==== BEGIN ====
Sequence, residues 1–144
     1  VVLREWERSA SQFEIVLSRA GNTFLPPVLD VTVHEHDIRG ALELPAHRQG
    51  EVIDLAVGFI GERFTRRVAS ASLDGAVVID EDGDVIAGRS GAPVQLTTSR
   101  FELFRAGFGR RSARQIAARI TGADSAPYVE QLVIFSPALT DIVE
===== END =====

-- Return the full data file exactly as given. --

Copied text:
Sequence, residues 1–144
     1  VVLREWERSA SQFEIVLSRA GNTFLPPVLD VTVHEHDIRG ALELPAHRQG
    51  EVIDLAVGFI GERFTRRVAS ASLDGAVVID EDGDVIAGRS GAPVQLTTSR
   101  FELFRAGFGR RSARQIAARI TGADSAPYVE QLVIFSPALT DIVE